October 22, 2021

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Senate Bill Introduced to Protect Personally Identifiable Information

Primarily motivated by the several recent massive data breaches, Senate Democrats recently introduced a bill geared toward protecting Americans’ personal information against cyber attacks and to ensure timely notification and protection when data is breached.

The Consumer Privacy Protection Act of 2017 provides that companies that collect and hold data on at least 10,000 Americans would be required to implement “a comprehensive consumer privacy and data security program that includes administrative, technical, and physical safeguards appropriate to the size and complexity, and the nature and scope, of the activities of the covered entity.”

The legislation protects broad categories of data, including: Social Security, drivers’ license, and passport numbers, financial account numbers or debit/credit card numbers in combination with a security code or PIN, online usernames and passwords, unique biometric data such as fingerprints and retina or iris scans, physical and mental health data, geolocation data, and private digital photographs and videos.

The bill would also allow the United States Attorney General, state attorneys general, and the Federal Trade Commission to enforce alleged violations of the breach notification or security rules, which could subject companies to civil penalties of at least $16,500, depending on the number of records that were breached. The bill does not provide for a private right of action.

The legislation would require notification to be made “as expediently as possible and without unreasonable delay following the discovery by the covered entity of a security breach.”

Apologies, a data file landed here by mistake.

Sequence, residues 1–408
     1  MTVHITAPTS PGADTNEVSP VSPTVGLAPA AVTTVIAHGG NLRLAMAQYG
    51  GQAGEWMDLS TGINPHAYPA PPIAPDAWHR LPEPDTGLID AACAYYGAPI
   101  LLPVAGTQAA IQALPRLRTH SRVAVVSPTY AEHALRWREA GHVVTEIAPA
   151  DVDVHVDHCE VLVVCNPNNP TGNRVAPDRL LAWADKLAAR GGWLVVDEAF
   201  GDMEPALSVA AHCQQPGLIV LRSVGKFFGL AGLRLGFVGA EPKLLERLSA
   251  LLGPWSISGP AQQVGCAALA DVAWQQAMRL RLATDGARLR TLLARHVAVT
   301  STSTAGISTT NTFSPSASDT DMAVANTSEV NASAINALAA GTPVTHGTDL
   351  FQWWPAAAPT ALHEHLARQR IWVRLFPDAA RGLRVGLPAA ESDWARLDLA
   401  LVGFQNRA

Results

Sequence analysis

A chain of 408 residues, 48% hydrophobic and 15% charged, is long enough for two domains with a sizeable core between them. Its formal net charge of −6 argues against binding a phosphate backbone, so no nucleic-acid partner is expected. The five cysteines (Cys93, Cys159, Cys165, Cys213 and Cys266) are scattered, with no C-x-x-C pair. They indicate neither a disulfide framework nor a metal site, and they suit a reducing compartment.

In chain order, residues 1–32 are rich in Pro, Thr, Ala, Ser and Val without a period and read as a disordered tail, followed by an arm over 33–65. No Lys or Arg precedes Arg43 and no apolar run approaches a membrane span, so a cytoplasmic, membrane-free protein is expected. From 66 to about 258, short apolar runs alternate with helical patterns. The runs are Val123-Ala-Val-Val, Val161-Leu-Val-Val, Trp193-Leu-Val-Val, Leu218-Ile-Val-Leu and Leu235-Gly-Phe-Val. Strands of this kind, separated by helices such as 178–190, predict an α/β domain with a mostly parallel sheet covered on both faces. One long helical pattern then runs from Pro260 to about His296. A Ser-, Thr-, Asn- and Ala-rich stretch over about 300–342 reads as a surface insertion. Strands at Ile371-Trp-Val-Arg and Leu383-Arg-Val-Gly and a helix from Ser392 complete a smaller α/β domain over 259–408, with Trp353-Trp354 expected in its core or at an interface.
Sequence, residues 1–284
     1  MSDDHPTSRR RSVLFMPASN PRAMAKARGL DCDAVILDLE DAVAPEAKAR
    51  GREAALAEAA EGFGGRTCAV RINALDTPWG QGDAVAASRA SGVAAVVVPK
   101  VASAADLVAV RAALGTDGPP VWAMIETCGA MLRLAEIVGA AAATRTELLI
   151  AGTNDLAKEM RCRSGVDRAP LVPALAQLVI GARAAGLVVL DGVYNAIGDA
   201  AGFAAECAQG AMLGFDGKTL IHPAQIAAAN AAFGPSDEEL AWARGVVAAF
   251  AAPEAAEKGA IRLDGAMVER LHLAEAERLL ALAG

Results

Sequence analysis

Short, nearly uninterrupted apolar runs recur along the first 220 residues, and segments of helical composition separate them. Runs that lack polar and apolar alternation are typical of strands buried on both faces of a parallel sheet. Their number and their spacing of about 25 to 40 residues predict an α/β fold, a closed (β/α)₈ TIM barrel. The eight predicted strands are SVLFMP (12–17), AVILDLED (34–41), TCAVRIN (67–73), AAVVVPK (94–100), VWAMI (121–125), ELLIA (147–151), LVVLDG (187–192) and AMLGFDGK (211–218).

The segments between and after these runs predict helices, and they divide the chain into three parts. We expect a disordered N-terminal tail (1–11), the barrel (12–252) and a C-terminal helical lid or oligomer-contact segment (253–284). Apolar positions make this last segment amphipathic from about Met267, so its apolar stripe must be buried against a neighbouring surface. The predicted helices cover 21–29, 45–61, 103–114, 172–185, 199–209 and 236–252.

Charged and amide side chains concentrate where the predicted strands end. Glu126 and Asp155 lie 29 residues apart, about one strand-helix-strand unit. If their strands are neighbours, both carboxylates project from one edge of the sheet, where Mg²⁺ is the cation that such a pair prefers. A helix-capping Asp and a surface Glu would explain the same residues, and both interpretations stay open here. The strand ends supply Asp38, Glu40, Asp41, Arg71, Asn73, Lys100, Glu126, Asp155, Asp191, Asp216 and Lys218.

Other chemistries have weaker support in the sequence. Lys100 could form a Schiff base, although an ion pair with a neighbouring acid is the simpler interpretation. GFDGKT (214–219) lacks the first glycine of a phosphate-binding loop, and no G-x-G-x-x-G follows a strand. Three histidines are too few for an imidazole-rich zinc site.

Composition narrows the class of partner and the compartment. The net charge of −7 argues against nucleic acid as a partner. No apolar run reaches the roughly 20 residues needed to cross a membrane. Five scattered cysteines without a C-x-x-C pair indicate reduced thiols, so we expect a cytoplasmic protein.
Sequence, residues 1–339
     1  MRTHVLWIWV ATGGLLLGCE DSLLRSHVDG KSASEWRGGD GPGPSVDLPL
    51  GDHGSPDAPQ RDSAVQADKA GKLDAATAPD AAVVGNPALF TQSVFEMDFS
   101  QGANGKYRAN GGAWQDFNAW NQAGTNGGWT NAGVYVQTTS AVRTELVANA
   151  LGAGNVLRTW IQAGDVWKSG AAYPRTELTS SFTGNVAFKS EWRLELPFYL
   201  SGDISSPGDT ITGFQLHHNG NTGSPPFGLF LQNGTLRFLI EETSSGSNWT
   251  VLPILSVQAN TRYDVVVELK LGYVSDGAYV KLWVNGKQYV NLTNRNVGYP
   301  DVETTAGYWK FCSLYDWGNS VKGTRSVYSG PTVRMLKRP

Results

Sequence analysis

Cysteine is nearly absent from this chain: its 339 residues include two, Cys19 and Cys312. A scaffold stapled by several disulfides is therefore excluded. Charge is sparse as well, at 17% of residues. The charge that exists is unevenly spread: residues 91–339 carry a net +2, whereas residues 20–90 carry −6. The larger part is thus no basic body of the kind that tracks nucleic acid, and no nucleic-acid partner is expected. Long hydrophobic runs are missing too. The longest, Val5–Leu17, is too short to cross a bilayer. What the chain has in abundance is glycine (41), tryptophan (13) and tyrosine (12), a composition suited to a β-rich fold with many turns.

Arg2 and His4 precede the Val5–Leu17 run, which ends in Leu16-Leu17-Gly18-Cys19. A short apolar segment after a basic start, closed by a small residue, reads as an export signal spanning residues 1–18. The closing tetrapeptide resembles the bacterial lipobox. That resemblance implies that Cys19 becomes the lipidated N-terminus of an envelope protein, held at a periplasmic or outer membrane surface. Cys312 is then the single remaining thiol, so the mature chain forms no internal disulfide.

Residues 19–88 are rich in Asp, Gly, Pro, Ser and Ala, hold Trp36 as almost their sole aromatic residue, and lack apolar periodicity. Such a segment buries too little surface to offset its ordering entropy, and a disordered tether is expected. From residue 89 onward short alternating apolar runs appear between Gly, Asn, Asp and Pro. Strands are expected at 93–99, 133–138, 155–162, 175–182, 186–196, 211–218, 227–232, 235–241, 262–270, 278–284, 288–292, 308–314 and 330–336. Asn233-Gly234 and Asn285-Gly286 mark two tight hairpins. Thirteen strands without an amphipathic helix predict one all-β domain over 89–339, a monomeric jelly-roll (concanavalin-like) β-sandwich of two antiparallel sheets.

The law would also require companies to provide “five years of appropriate identity theft prevention and mitigation services” at no cost to any individual who asks for it, and prohibits automatic enrollment in the identity theft prevention and mitigation services without their consent.

The text of the bill can be found here.

It is worth noting that shortly following the introduction of the Consumer Privacy Protection Act, three Democrat senators introduced the Data Security and Breach Notification Act that would require companies to report data breaches within 30 days of becoming aware of a breach. An individual who conceals a data breach could face a penalty of up to five years in prison. This bill comes on the heels of Uber’s recent data breach announcement that hackers stole 57 million records in 2016, and that Uber paid the hackers $100,000 to destroy the documents.

We will continue to report on the status of these bills and other legislative proposals for heightened data security at the federal level, in light of the massive data breaches of late, as developments unfold.

Jackson Lewis P.C. © 2021National Law Review, Volume VII, Number 342
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About this Author

Jeffrey M. Schlossberg, Employment Attorney, Jackson Lewis, Law firm
Principal

Jeffrey M. Schlossberg is a Principal in the Long Island, New York, Office of Jackson Lewis P.C. Mr. Schlossberg has devoted his entire career to the employment law field.

Mr. Schlossberg has extensive experience in handling all aspects of the employer-employee relationship. Areas of concentration include: employment discrimination prevention and litigation; workplace harassment policy development and compliance; social media and information privacy in the workplace; family and medical leave; disability matters; wage and...

631-247-4614
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